The Floating Hospital aims to put women’s health up front and center.
March marked Women’s History Month, a monthlong observance and celebration of women across the globe. But at The Floating Hospital, women are on the radar all year ‘round, from our dedicated staff members and providers to our largely female (63%) patient base from all five boroughs.
And there was no year like 2020 when women’s health and well-being were so greatly impacted by the coronavirus pandemic. When Covid-19 disrupted every facet of life, women were tasked to take care of their families, school their children and if they had employment, show up for that, too—often as frontline employees at risk for exposure to the virus. Not surprisingly, women had little time to take care of themselves.
“As women, we take care of everyone but ourselves,” says Sreeta Karl-Quintana, director of clinic operations at The Floating Hospital.
Now, imagine doing that under the duress of living in a homeless shelter or a domestic-violence safe house: without resources, ready technology, an ability to socially distance, and for many, without income if they lost employment. In the pressure cooker that was New York City during a pandemic, it is little wonder that behavioral-health visits for women—in person and telehealth—were up 25% over the year at The Floating Hospital.
Those events caused staff members to rethink programming for women’s wellness, an area overlooked by most women living in temporary housing. Seven years ago, The Floating Hospital instituted free mammogram clinics as a community service and to show its “passionate commitment to women’s health,” Karl-Quintana said.
This year, to help bridge the gap between caring for others and oneself, The Floating Hospital plans to expand its services for free community care to women, including thrice-yearly mammogram clinics (April, August and October), and screening clinics for cervical cancer and transmissible diseases (STDs). Last month, community outreach director Cynthia Davis launched a weeklong HIV-awareness event for people of all genders, which included screenings, health-education and trivia games with prizes.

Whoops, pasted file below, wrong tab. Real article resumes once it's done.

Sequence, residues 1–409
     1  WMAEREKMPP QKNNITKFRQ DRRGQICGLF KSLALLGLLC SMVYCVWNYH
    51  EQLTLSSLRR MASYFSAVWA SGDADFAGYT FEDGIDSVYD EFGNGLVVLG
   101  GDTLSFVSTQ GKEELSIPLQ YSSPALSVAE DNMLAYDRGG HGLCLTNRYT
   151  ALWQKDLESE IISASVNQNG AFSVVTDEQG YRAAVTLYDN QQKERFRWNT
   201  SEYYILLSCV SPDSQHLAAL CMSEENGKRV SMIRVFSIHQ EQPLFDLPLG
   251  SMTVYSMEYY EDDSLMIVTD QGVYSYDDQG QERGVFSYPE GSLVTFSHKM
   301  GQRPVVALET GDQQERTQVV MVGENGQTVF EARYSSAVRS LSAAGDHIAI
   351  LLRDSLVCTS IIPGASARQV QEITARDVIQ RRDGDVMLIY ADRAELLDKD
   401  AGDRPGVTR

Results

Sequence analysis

“Women in the community are disproportionately impacted, so testing, prevention and the elimination of the stigma associated with HIV was one of the primary goals,” Davis said.
Building upon the clinical offerings, Karl-Quintana hopes to expand programming into self-care events such as mindfulness and stress-management. Through its health-education department, the hospital sponsors a yearly Mother’s Day event for patients with giveaways of pajamas and undergarments, a day of body care and manicures, and a catered lunch.
This should be a regular part of the care women should expect and get,” said Karl-Quintana. “It’s a continuation of the mission and ethos of the clinic.”
Because transportation and finances are the two primary concerns for female patients seeking care, the events will be free and include the same shelter-to-clinic transportation offered to clinic patients. Medical assistances will be on hand to assist with intake, paperwork and referrals as needed.
“We are removing all the barriers and streamlining it for women so they have no excuse to say no,” Karl-Quintana said.
— Lana Bortolot
To find out more about donating items or supporting women’s wellness programming, please contact Floating Hospital Foundation executive director Ellen Barker, firstname.lastname@example.org